Friday Workshops

Free Workshop at KAS Annual Meeting

Science Policy and Advocacy Workshop

What do scientists need to know about public policy? Do you want to advocate for science but aren't sure how to start? This workshop is for everyone – students and faculty - regardless of discipline, who are interested in learning more about the role of science in policy-making and in becoming empowered to be a voice for science. Our colleagues at the American Society for Biochemistry and Molecular Biology will provide practical guidance on how to engage in advocacy initiatives at local, state and national levels.

Lunch tickets are available for the first 38 registrants, compliments of the ASBMB.

If you would like to attend, please reserve your space on the Annual Meeting Registration form.

Speakers

Dr. Matthew Gentry, Professor Department of Molecular and Cellular Biochemistry, University of Kentucky and Chair, Public Affairs Advisory Committee, American Society of Biochemistry and Molecular Biology

Dr. Matthew Gentry received his B.S. from the University of Evansville in 1996. He then studied yeast cell cycle regulation via protein phosphatase 2A at Syracuse University in Dr. Richard Hallberg’s lab, receiving his Ph.D. in 2003. He was a postdoctoral fellow at UC-San Diego with Dr. Jack Dixon where he discovered glycogen and starch phosphatases and how they are integral for both human and plant energy metabolism.

He began his independent career in 2008 and he is currently a Professor in the College of Medicine at the University of Kentucky where he oversees projects on both Lafora disease and biofuels research. The lab focuses on the regulation of specific phosphatases and E3 ubiquitin ligases in both human glycogen and plant starch metabolism utilizing in vitro biochemical and structural techniques; in situ cell culture models; and in vivo mouse, algal and plant models. Dr. Gentry has been continuously funded by NINDS since 2006, he is an NIH K99/R00 Pathway to Independence Award recipient, he received the NIH Young Investigator IDeA Maciag Award, the 2018 NINDS Landis Award, he is an NSF CAREER awardee, and PI of both a NINDS R01 and P01. He is a Journal of Biological Chemistry Editorial Board member, Director of the NIH-funded Lafora Epilepsy Cure Initiative, and Chair of the ASBMB Public Action Advisory Committee (PAAC).

Dr. Trent Garrison, Assistant Professor, Environmental Geoscience, Northern Kentucky University, and Co-Chair, Education and Advocacy Committee, Kentucky Academy of Science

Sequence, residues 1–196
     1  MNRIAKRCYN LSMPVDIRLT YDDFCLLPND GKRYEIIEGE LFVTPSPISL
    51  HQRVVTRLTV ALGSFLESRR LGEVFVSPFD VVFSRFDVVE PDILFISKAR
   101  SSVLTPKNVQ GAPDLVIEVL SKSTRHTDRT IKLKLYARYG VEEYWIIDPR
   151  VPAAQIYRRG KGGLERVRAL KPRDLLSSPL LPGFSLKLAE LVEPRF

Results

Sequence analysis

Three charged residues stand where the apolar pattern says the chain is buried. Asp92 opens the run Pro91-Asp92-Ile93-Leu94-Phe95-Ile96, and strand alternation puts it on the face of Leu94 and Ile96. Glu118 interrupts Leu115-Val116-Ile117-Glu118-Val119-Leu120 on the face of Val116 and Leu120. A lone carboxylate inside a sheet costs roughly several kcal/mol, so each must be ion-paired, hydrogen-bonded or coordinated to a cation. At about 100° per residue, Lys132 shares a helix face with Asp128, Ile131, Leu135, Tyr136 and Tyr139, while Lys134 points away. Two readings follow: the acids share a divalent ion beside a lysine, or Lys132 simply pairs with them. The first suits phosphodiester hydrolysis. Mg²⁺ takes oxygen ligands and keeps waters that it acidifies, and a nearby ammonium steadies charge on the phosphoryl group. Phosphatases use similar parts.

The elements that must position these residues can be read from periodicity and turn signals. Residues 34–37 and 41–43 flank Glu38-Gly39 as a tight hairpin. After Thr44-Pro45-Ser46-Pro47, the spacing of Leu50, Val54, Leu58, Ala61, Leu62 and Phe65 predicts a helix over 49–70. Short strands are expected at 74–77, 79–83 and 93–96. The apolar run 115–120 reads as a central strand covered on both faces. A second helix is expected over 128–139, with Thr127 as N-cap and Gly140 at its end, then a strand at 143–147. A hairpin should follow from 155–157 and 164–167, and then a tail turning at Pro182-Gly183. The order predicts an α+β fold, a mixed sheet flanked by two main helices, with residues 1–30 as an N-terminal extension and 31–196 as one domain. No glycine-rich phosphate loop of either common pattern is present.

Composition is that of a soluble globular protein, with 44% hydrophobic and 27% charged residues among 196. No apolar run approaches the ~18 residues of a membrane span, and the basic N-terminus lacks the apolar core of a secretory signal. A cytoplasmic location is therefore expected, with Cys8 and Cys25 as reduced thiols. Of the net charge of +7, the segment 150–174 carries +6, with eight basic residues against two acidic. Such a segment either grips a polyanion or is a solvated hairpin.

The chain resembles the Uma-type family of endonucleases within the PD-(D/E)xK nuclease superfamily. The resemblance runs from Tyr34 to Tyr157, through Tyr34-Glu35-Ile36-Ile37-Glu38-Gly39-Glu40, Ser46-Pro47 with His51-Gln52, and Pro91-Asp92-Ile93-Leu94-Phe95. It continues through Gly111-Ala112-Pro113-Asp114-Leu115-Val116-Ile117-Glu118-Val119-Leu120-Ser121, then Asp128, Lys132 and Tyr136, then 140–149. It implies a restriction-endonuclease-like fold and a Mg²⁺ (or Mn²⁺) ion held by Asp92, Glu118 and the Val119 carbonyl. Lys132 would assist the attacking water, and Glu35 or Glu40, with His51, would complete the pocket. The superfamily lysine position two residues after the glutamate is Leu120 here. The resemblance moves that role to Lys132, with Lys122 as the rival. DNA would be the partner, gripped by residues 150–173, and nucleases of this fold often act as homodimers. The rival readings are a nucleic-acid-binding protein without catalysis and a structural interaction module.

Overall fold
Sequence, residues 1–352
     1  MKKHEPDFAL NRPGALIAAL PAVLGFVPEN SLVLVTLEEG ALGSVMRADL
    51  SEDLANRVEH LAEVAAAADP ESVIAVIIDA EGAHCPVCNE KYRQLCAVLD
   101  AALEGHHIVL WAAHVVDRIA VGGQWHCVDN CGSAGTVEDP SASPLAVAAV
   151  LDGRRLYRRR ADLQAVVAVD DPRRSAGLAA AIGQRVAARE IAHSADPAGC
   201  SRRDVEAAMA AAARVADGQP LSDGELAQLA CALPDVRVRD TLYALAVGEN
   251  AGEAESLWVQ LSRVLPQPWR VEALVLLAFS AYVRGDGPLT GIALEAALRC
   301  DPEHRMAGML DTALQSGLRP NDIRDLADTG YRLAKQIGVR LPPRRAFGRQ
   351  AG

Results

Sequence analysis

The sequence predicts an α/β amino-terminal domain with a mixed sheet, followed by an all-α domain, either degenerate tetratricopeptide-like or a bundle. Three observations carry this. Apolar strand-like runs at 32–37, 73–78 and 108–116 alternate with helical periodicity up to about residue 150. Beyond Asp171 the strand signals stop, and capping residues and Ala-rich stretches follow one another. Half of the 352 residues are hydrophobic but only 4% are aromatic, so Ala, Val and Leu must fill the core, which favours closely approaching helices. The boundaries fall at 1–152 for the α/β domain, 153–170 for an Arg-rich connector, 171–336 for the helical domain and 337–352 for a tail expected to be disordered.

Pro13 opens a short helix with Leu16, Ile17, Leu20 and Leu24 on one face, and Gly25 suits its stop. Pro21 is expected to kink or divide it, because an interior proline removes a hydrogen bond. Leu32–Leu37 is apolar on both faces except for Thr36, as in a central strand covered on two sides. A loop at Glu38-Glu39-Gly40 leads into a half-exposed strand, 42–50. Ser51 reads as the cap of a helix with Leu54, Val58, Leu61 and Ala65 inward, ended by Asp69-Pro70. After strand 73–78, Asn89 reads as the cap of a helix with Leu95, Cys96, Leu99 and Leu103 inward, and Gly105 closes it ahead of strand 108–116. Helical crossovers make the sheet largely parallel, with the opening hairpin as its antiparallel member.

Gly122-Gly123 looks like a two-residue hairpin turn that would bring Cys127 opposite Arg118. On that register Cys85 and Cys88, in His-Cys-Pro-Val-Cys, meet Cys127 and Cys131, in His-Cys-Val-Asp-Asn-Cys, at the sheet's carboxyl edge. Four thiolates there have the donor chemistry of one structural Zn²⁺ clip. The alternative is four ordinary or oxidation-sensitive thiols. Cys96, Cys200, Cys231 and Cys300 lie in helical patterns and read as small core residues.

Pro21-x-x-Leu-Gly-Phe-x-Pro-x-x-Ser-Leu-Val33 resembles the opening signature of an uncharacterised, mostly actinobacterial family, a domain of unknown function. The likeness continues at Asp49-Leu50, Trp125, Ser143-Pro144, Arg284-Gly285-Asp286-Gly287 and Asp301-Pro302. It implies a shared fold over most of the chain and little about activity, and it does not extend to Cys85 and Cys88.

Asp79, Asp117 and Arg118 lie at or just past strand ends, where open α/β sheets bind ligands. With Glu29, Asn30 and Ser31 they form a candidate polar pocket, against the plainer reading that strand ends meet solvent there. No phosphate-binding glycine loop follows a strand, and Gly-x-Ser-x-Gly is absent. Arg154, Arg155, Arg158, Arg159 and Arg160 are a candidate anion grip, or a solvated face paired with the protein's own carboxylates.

Dr. Trent Garrison grew up in Hyden, Kentucky where he attended Leslie County High School. With an interest in science, he later went on to attend Eastern Kentucky University (BS and MS in hydrogeology), Kentucky State University (Public Administration), and then University of Kentucky (PhD – Environmental Geology). Dr. Garrison is now an Assistant Professor of Environmental Geoscience at Northern Kentucky University, where he studies a variety of environmental geology issues that affect Kentuckians, such as water issues and dye tracing techniques, as well as soil, air, and water quality in areas affected by coal fires in the state. In addition, Dr. Garrison has a strong passion for teaching, science advocacy, outreach, and interdisciplinary networking between students and professionals.

As Physical Science Representative and Education & Advocacy Co-Chair of KAS, Dr. Garrison was actively involved in research during the 2018 state legislative session, frequently reporting how HB 200 and other legislation would impact higher education. With input from others in KAS, he authored the letters to our state legislators opposing cuts to higher education, which, along with other groups’ advocacy efforts, led to education cuts not being as severe as originally proposed. He also assisted with KAS’s involvement in the March For Science and spoke about the importance of science outreach and involvement in policy.

Ms. Alexa Johnson, Ph.D. Candidate, Rehabilitation Sciences, University of Kentucky and past participant in the American Association for the Advancement of Science - Catalyzing Advocacy for Science and Engineering (CASE) workshop

Alexa is currently studying biomechanics of the lower extremity in military personnel with low back pain, as well as lower extremity loading mechanics in athletes with anterior cruciate ligament reconstruction. She previously completed her Master’s degree (MS in Kinesiology) at the University of Michigan and her Bachelor’s degree (BS in Kinesiology) at California State University Fullerton. Not only is she passionate about biomechanics and sports medicine but she is also passionate about how to translate our jargon science language to the public so everyone can understand it, aka science communication, as well as advocating for women in STEM. These passions have led to her interest in science policy, where she is now trying to figure out how she can pair a career in research and science policy simultaneously. Last March she was selected by UK to attend a workshop called Catalyzing Advocacy for Science and Engineering (CASE) put on by the American Association for the Advancement of Science (AAAS) where she learned not only about science communication and science policy but also spent a day on the Hill meeting with Kentucky Congress members advocating for science funding.